Augmented reality against phantom limb pain

To the trauma of losing the arm, many amputees have to add the phantom limb syndrome: although they no longer have it feel they are still there, they feel the tickling, the cold, the heat and also the pain. A pain that is sometimes constant, which assaults when one sleeps, forcing some to take morphine for years. For others, even that does not work. Now, a team of neuroscientists has used augmented reality and machine learning to get 14 of those amputees to feel less of their phantom pain.

The head of the neurorehabilitation laboratory at Chalmers University of Technology (Gothenburg, Sweden), recalls that there are several theories about phantom limb pain: basically, it is a series of rapid changes in the brain following amputation that entangle the circuits that intervene in pain. The scientists have done now is to undo those changes – to bring the brain to the moment before the amputation, when there was no pain.

That brain reversion has been followed by 14 amputees. All had phantom pain for 10 years on average, although some had been in pain for more than 30 years. All of them had also tried other techniques such as mirror therapy or motor imaging or directly implants, but without success. Four of them were taking potent analgesics every day for several years. The neuroscientist selected the most difficult cases in several clinics. They wanted to focus on patients with chronic phantom limb pain who had not responded to any treatment.

Since September 2014 those 14 participants have participated in 12 sessions. Before each of them they had to rate their phantom pain using several metrics, from intensity scales to pain frequency, to the different qualities of pain: burns, cuts, cramps etc. During the sessions, they were placed in front of a computer. An augmented reality system allowed them to see themselves on the screen and where their stump should appear was a virtual arm.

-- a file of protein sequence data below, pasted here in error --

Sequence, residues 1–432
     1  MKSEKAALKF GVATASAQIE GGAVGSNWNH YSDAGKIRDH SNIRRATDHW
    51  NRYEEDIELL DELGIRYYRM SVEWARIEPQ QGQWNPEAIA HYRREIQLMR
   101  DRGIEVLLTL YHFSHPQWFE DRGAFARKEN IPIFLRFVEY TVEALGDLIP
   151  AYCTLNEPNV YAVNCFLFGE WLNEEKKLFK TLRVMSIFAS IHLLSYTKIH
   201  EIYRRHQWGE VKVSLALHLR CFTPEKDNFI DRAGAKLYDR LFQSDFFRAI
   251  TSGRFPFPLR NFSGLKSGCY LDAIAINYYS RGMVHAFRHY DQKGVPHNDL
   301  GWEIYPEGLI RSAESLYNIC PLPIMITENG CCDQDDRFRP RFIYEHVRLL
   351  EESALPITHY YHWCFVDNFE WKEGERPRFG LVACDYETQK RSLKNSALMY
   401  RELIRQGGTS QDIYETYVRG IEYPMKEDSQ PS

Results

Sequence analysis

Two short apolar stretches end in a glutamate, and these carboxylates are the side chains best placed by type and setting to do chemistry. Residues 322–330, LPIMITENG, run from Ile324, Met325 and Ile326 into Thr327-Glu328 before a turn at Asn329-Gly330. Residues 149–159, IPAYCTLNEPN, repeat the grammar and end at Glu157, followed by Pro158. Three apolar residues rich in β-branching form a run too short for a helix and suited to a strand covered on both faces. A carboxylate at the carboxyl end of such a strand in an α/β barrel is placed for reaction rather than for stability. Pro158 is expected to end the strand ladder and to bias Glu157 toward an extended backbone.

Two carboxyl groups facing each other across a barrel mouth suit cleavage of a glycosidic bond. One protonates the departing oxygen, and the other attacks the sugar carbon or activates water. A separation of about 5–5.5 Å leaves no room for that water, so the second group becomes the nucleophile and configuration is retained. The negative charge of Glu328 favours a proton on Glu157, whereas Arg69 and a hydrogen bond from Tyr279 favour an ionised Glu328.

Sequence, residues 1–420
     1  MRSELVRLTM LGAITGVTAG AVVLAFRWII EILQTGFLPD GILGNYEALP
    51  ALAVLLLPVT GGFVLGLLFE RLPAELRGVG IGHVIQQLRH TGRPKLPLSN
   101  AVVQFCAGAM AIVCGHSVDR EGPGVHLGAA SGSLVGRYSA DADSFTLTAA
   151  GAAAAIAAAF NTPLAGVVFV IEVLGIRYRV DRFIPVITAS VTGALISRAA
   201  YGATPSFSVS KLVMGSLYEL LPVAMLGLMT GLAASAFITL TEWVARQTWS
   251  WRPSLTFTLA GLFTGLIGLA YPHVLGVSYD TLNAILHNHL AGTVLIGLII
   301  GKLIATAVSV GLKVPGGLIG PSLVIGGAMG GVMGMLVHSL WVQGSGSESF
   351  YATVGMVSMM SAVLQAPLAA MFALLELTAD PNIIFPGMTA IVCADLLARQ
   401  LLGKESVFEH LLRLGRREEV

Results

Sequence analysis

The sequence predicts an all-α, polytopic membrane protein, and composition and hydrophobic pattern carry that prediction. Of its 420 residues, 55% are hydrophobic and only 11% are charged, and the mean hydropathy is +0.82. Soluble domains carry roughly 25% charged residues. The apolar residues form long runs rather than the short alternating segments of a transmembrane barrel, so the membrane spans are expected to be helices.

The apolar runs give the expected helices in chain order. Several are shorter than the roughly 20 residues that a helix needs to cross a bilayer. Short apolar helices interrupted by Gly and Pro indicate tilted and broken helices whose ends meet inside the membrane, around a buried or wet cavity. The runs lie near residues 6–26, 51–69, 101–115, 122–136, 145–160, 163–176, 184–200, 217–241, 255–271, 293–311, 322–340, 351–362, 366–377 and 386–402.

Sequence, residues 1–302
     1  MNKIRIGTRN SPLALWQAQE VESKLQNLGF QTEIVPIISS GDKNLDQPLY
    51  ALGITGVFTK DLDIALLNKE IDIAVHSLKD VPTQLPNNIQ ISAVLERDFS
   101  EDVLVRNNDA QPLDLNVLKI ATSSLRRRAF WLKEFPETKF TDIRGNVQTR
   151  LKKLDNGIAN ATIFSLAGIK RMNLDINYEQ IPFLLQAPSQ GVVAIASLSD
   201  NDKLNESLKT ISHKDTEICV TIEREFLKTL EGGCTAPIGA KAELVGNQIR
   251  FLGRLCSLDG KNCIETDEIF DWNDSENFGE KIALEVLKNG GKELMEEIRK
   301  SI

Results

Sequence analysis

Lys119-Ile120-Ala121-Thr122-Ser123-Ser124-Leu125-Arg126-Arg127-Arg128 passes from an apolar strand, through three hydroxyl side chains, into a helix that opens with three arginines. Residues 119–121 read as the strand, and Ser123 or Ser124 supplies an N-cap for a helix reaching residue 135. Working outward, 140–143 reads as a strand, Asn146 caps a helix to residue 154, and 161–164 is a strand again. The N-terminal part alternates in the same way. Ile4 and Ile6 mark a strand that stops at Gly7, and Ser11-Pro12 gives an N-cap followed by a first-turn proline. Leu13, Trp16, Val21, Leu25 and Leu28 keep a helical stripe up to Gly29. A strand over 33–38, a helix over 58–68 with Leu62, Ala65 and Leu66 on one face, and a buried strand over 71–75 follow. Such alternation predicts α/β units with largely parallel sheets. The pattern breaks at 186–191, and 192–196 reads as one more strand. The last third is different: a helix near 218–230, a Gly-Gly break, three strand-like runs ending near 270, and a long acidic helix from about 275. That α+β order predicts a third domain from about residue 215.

They placed a series of electrodes on the real stump that collected the activity of the muscles. Although biceps and triceps are far from the hand, the algorithms allowed that if the patient thought to open the hand, the virtual hand would open. And if I wanted to close it, a slight activation of the muscle would cause the limb to close on the screen. After training the algorithm (machine learning) and patients the amputees were able to manage their hand in a virtual world in which they appeared as an avatar. In another part of the session, they used their digital arm to play with a video game of auto racing.

What they were looking for was rob circuits and neurons of pain. The method, called motor execution of the phantom limb, was intended to undo the neural reorganization that occurred in the area of the motor and sensory cortex involved in feeling and moving the limb after amputation and expanding the area that until now was limited to active muscles Of the shoulder.

The results, published in The Lancet, are very promising. Of the 12 patients who felt constant pain, six began to have it intermittently. All the amputees also reduced their sense of pain. In the intensity, frequency or quality scales of pain, the mean reduction was about 50%. Intrusion cases, such as night pain or during daily activities, were also reduced by half. Of the four who had to take medicines all the time, two were able to reduce the dose. Most encouraging was that the improvement was maintained, albeit reduced, six months after the sessions.

Neuroscientist convinced that with more sessions, the reduction would have been greater. In fact, the phantom pain waned as the sessions progressed, without seeming to stabilize. One of the first patients whose pain was relieved to a normal life has the system at home and connects to the computer when he feels he is coming back.

The researchers themselves acknowledge that their results, while good, need to be taken with caution. This is a reduced sample and there was no other group of amputees with an alternative treatment to control the experiment. Therefore, their next objective is to expand the sample with participants from six countries, with amputees of lower extremities and counting on volunteers for the control group. Another formula that has been designed to test and improve his method is to make it accessible to everyone. That is why, although they are about to take a commercial version, both algorithms, software and hardware are open source and its use is free.